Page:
Sage: Ha ha, good call on the over-used vegetarian punchline. But humans have a lot of wrinkles to iron out between themselves before ‘animal’-rights becomes pertinent subject matter in hip-hop. I do wish ALL people could see the benefits of vegetarianism but there’s a lot of work to be done before that sort of awareness permeates the mindset of rich and poor.

Ryan: What do you think is the most urgent thing people need to know about food production/vegetarianism/etc., even if
they don’t go any further in exploring the topic?

Sage: A conscious diet should be a healthy one. A conscious vegetarian diet is a healthy one. You are not making a sacrifice to your body by depriving it of meat, that is a social fallacy. A true revolution begins with your daily eating practices.

Ryan: When it comes time to tour, have you faced any difficulties finding good eats on short notice?

Sage: Most of the time we are forced to settle with gas station cuisine. Horrible, horrible eating habits on tour. And touring Europe will definitely test a vegan’s faith.

Ryan: In a recent poll, England was named the most vegetarian-friendly country, which kind of surprised me because while Asian countries do eat a lot of fish, it’s not unusual for anyone (not just vegetarians or Buddhists) to eat a dish with seitan or tofu in it. I would have expected somewhere in Southeast Asia to be easier to find veggie food since it’s so ingrained into their culture. Did you find any European countries that were more friendly to vegetarian visitors than others?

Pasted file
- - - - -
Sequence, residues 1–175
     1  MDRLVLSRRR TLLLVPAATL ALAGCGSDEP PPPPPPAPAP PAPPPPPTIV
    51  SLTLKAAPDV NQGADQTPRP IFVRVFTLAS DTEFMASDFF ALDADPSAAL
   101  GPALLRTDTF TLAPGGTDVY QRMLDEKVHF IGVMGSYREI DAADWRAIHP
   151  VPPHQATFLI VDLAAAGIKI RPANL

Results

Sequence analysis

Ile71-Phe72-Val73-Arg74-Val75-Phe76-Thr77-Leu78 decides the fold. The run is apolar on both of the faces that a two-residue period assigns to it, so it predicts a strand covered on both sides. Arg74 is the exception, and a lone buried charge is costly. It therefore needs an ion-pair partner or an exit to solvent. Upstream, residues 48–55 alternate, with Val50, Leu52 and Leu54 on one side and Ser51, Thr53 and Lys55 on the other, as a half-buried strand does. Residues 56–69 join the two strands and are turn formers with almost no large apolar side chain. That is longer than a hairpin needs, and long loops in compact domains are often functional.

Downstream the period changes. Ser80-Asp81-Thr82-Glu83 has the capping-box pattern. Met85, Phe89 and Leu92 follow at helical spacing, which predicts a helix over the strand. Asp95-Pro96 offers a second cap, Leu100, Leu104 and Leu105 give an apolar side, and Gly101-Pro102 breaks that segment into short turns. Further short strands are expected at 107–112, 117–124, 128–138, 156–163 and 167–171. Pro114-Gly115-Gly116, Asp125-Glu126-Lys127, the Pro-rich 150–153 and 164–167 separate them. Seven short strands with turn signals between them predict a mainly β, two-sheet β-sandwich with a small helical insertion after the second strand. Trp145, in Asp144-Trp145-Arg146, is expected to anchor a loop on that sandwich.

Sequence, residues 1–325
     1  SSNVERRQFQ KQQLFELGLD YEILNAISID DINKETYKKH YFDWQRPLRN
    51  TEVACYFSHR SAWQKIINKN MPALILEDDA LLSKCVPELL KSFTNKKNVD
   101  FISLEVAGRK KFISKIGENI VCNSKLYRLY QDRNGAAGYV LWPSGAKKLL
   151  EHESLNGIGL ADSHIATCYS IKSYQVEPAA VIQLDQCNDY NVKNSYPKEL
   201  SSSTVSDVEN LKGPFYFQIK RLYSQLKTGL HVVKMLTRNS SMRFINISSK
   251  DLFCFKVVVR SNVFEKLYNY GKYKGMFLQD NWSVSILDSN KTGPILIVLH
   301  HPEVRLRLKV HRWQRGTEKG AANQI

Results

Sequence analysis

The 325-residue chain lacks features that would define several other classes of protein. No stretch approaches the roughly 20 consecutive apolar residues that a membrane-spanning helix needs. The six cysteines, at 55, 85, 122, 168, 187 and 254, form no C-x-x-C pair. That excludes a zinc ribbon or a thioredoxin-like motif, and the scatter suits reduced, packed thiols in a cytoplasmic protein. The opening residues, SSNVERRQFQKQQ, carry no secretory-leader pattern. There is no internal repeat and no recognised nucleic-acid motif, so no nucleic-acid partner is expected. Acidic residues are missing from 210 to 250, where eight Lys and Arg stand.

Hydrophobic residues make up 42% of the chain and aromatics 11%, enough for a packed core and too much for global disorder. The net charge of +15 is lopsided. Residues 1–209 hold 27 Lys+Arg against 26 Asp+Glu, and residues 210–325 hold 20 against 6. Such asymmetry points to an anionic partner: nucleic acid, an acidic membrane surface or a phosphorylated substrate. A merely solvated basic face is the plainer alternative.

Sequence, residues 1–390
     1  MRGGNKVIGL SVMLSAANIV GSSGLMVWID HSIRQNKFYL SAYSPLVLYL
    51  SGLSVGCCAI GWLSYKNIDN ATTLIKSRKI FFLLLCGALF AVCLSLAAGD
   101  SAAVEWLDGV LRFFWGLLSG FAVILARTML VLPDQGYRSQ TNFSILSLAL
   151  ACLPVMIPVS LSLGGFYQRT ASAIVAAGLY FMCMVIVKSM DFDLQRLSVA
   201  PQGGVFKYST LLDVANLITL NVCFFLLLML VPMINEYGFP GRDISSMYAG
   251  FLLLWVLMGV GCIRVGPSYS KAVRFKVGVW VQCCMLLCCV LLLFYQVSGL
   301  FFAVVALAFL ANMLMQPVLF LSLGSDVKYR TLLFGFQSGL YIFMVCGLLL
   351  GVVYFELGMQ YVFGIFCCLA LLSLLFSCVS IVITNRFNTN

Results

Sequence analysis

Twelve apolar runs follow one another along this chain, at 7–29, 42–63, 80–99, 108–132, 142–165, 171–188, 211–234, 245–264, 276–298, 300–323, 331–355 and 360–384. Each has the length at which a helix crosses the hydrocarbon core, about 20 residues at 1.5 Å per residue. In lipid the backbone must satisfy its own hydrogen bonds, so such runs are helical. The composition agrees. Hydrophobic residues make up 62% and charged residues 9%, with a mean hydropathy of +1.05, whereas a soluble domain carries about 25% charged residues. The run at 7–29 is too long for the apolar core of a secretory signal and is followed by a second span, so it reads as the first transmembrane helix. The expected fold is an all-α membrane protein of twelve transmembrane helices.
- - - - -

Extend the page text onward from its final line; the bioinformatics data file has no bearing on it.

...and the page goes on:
Sage: That poll sounds like complete bullshit. Granted, there are a lot of Indian restaurants in England, but there is no way that any spot in the UK is the most vegetarian-friendly in the world. Quite the contrary. From my understanding, there are Asian countries that used to be strict vegetarian until they became westernized. From personal experience, the good old northern US of A is the most vegetarian friendly, but there is one buffet-style veggie restaurant in Montreal that takes the cake. I forgot the name though.

Ryan: Dre from Outkast is vegan, Dead Prez go so far as talking about raw foodism… who else in the hip-hop community is vegetarian/vegan that you know of?

Sage: Dre and Dead Prez may talk the talk, but like most rappers I have a sneaky suspicion they ain’t walking the walk. It’s like… KRS claiming vegetarianism on one song and then I read an interview where he was eating chicken. So who knows. Recently I heard a member of Souls of Mischief say he was vegan. Sole is vegan, Odd Nosdam is vegan, Yoni (Why?) is vegan, and I am the half-assed vegetarian.

You can find out more about Sage Francis at Non-Prophets.com. Be sure to check out his solo work (Personal Journals, the Sick of… series, Makeshift Patriot), his work with Joe Beats as the Non-Prophets (the outstanding 2003 release Hope), and his material with Art Official Intelligence.